Remediating Quantitative Problem-Solving in Upper-Level Geoscience courses

Round Table Discussion

Leader

Kyle Fredrick, California University of Pennsylvania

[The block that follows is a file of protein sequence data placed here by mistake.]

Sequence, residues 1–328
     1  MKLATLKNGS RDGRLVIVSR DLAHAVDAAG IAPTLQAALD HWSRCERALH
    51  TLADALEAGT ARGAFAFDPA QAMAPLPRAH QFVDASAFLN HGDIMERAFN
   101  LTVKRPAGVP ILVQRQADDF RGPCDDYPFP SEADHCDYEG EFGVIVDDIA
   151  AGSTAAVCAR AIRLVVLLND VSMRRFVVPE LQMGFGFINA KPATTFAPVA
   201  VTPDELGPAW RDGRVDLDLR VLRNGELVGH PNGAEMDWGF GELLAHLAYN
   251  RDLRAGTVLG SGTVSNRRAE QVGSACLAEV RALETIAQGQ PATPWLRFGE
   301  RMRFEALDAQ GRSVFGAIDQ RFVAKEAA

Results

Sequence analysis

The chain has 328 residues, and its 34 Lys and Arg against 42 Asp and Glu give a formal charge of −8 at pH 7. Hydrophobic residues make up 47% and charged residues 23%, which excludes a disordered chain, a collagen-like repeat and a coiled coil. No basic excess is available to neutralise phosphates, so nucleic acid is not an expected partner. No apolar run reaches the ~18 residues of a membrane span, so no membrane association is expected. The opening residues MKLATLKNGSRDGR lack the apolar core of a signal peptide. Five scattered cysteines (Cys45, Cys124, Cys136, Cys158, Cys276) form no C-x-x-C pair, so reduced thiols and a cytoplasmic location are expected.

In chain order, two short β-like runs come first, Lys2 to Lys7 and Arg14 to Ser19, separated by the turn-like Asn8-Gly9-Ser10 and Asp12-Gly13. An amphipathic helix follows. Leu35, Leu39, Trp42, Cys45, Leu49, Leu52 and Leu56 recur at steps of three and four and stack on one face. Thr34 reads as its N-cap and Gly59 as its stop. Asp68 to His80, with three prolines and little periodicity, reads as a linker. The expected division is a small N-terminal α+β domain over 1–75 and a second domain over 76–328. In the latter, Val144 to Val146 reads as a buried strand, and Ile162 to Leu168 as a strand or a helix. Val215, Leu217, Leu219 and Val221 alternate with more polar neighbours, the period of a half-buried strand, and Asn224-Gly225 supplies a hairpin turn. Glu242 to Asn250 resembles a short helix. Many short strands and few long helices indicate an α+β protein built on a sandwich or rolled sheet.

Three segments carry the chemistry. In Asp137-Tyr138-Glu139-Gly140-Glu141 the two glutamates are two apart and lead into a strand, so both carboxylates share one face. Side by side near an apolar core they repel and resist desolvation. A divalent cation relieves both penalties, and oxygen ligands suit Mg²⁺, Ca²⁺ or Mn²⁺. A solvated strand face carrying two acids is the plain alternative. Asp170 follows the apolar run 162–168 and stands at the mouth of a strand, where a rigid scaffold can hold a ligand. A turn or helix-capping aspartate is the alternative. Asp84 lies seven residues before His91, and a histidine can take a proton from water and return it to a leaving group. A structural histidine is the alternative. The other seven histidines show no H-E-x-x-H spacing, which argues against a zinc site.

Undergraduate Geology courses beyond the introductory level often depend upon quantitative concepts with which students are unfamiliar or at least uncomfortable. The success or failure of a lecture, activity, or entire course may hinge on the preparation of the students, even if they have demonstrably satisfied the course prerequisites.  Faculty have had varying degrees of success incorporating remedial math and physics concepts into courses, but often at a cost to the content they set out to teach.  This roundtable discussion will invite instructors from across the undergraduate and high-school spectrum to share their frustrations, ideas, and success stories.    Goals:  Identify the critical quantitative concepts and skills geology students must master before graduation.  Determine modes of learning (independent, in-class, project-based, etc.) best-suited to address those critical concepts  Create a personalized plan for remediating at least one critical concept in an upper-division course  Participants should expect to come away with...  (1) methods for measuring students' readiness for content-related quantitative problem-solving;  (2) specific examples of active learning strategies that highlight quantitative applications and reasoning;  (3) out-of-class, student-centered methods for improving quantitative problem-solving;  and (4) a network of like-minded teachers to share ideas and results into the future.